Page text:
Sir David Metcalf named as the first Director of Labour Market Enforcement
- Home Office, Department for Business, Energy & Industrial Strategy, Margot James MP, and Sarah Newton MP
- Part of:
- First published:
- 5 January 2017
Sir David Metcalf has been named as the first Director of Labour Market Enforcement.
- new director will set the strategic priorities for all employment enforcement bodies to stamp out exploitation
- intelligence gathered on minimum wage violations, unscrupulous employment agencies and other labour market exploitation will identify vulnerable sectors and regions and inform the most effective response
- government will also launch a new £1.7 million campaign to raise awareness of national minimum and national living wage rates
Sir David Metcalf has today (5 January 2017) been named as the first Director of Labour Market Enforcement to oversee a government crackdown on exploitation in the workplace.
Sir David, who was chairman of the Migration Advisory Committee until August 2016, will set the strategic priorities for the:
- Gangmasters and Labour Abuse Authority
- Employment Agency Standards Inspectorate
- HMRC’s National Minimum Wage enforcement team
For the first time, the 3 agencies are centralising their intelligence, enabling the director to draw up an annual strategy targeting sectors and regions which are vulnerable to unscrupulous employment practices. He is also working alongside the Independent Anti-Slavery Commissioner to better tackle exploitation and slavery in the labour market.
The announcement comes ahead of the launch of a £1.7 million national minimum and living wage awareness raising campaign later this month. It will help make sure the UK’s lowest paid workers receive the correct rates of pay when they increase on 1 April 2017 and know what steps to take if they do not.
Sir David Metcalf said:
I’m very excited to be taking on this new role, drawing together the important work of these 3 labour market enforcement teams.
While the UK is by and large a fair and safe place to work, there are still rogue employers who exploit their workers and undercut honest businesses. As the government has made clear, this will not go unpunished.
Business Minister Margot James said:
Sir David’s extensive experience will be invaluable in this hugely important role to help stamp out workplace exploitation and ensure that when unscrupulous employment practices are found, justice is done for those affected.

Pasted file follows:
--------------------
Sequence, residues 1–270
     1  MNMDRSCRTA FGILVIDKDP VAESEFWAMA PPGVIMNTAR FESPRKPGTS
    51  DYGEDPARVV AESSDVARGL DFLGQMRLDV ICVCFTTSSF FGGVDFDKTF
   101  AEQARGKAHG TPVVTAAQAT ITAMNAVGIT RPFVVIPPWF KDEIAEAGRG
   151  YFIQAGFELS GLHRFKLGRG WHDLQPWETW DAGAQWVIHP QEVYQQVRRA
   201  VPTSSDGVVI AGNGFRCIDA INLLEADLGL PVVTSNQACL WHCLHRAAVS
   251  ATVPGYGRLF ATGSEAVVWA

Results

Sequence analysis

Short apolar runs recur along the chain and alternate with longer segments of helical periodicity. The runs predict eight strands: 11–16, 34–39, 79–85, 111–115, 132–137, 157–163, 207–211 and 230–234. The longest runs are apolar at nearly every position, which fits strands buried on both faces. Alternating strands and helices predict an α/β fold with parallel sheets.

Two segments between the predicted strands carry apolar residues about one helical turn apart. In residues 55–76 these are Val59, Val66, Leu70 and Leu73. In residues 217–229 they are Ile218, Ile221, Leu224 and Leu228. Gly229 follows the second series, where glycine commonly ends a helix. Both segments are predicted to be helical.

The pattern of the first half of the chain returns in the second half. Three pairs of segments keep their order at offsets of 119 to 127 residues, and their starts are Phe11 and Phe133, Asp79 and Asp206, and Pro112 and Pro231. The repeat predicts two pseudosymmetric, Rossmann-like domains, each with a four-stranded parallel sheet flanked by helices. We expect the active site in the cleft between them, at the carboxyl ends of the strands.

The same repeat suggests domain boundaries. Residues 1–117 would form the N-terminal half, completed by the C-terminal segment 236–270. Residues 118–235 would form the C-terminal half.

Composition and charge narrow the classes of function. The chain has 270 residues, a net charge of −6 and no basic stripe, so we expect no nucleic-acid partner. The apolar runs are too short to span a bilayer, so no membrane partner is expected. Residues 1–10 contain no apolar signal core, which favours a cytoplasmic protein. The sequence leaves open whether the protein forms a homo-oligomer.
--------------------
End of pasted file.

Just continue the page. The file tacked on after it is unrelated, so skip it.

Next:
As we have made clear, the government is determined to make sure the economy works for all. That’s why we are investing £1.7 million in a national minimum and living wage awareness raising campaign alongside a record £25.3 million on national minimum and living wage enforcement next year to make sure the UK’s lowest paid workers get the pay rise they deserve.
Minister for Vulnerability, Safeguarding and Countering Extremism Sarah Newton said:
Labour exploitation is absolutely unacceptable in a Britain that works for everyone. That is why we reformed the Gangmasters and Labour Abuse Authority, giving it the necessary powers to tackle labour abuse and exploitation across the economy.
Sir David’s role will complement the world-leading action already taken by the government to tackle modern slavery including new powers for law enforcement agencies, increased support and protection for victims and the groundbreaking work to ensure transparency in supply chains.
The announcement comes weeks after powers came into force which mean rogue employers now face up to 2 years in prison for serious or repeat labour market offences.
Last month the Chancellor also unveiled an extra £4.3 million a year in funding for national minimum and living wage enforcement, taking the government’s total spend to £25.3 million for next year.
Notes to editors
- The Director of Labour Market Enforcement will report to Secretaries of State for the Home Office and the Department for Business, Energy and Industrial Strategy.
- On 25 November 2016, labour market enforcement undertakings and orders came into force under the Immigration Act which can ultimately lead to criminal prosecutions and prison sentences of up to 2 years for businesses which mistreat their workers.
- Since 2013, almost 700 employers who have failed to pay the national minimum or living wage have been named and shamed.
- Since 2010, HMRC has recovered almost £30 million in arrears for more than 173,000 workers.
- On 1 April 2017, the National Minimum Wage and National Living Wage will increase. To see the current rates, visit www.gov.uk/national-minimum-wage-rates
- In October 2016, the government commissioned Matthew Taylor to conduct an independent review into modern employment practices to ensure our employment rules keep up to date to reflect new ways of working.
Sir David Metcalf biography
Sir David Metcalf was chairman of the Migration Advisory Committee from 2007 to August 2016.
Before that he was a member of the Senior Salaries Review Body from 2009 to 2015, providing recommendations on pay for Judges, Senior Civil Services, top military and senior NHS Managers.
Sir David was a founding member of the Low Pay Commission, serving for 10 years from 1997 to 2007 in advising the government on National Minimum Wage and National Living Wage rates.
Sir David is also director of the Starting Price Regulatory Commission, ensuring the returned price of a bet reflects the starting price.
He is currently an emeritus professor at the London School of Economics and has written more than 100 publications on labour economics and industrial relations.
Published: 5 January 2017